Evidence for Territorial Behavior in a Burrowing Wolf Spider

Authors

  • Samuel D. Marshall

    Corresponding author
    1. Graduate Program in Ethology and Department of Zoology, University of Tennessee, Knoxville
      Department of Zoology, Miami University, Oxford, Ohio 45056, USA
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    • 3

      Marshall, S. D. 1995: Evidence for territorial behavior in a burrowing wolf spider. Ethology 102, 32–39.


Department of Zoology, Miami University, Oxford, Ohio 45056, USA

Abstract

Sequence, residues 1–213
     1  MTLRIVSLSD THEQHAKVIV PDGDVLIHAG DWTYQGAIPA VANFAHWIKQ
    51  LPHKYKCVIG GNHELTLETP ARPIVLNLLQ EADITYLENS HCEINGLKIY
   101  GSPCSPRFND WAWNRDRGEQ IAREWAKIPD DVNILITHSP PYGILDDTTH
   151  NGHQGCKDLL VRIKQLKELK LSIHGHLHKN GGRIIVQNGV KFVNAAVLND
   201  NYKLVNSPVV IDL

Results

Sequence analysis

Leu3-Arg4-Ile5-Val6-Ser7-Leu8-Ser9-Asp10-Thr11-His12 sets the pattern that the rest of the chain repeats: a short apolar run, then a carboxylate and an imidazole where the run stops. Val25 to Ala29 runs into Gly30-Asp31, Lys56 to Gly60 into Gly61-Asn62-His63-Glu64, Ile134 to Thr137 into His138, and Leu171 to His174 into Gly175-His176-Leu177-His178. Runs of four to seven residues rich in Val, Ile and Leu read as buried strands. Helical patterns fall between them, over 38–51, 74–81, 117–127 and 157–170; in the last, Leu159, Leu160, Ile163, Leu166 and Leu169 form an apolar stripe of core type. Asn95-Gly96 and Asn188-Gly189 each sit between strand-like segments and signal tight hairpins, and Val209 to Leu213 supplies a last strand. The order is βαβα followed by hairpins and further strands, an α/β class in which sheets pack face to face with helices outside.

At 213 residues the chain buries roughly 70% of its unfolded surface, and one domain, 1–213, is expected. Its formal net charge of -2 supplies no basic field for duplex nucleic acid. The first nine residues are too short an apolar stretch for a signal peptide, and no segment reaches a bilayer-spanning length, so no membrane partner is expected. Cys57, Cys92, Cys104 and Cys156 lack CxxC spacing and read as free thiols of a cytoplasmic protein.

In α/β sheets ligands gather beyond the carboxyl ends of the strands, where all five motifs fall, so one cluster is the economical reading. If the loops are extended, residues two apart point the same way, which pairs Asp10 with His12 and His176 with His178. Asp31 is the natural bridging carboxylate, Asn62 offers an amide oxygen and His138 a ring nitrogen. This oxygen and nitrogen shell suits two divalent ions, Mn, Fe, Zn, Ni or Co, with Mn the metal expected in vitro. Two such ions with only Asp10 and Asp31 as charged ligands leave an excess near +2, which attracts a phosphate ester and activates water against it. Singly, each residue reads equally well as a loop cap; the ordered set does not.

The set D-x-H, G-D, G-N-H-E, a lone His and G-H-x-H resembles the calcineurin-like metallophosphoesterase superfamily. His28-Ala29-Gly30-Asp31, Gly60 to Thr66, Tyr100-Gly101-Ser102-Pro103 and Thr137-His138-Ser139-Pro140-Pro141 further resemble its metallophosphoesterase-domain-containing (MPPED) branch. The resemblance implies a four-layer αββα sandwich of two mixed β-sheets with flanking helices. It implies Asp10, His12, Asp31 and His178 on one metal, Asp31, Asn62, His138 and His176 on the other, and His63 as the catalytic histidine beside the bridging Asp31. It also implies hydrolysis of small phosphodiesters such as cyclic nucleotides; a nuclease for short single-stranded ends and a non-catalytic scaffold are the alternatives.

Evidence is presented for territorial behavior in a burrowing wolf spider, Geolycosa xera archboldi McCrone (Araneae, Lycosidae). These spiders live in burrows in the scrub habitats of central Florida, USA. Mean nearest-neighbor distances repeatedly approximate 30 cm. The constancy of this mean indicates that social spacing may be occurring. A test for perceptual range showed that G. xera can respond to potential prey at distances greater than 30 cm, indicating that the 30-cm nearest-neighbor distance does not represent a distance within which larger neighboring burrow-holders treat smaller neighboring conspecifics as food. Dyadic encounters in field enclosures showed that the distance at which neighbors would not be tolerated was within the observed mean nearest-neighbor distance. In these experimental tests for territorial behavior, smaller dyad members lost burrows significantly more often than larger dyad members.

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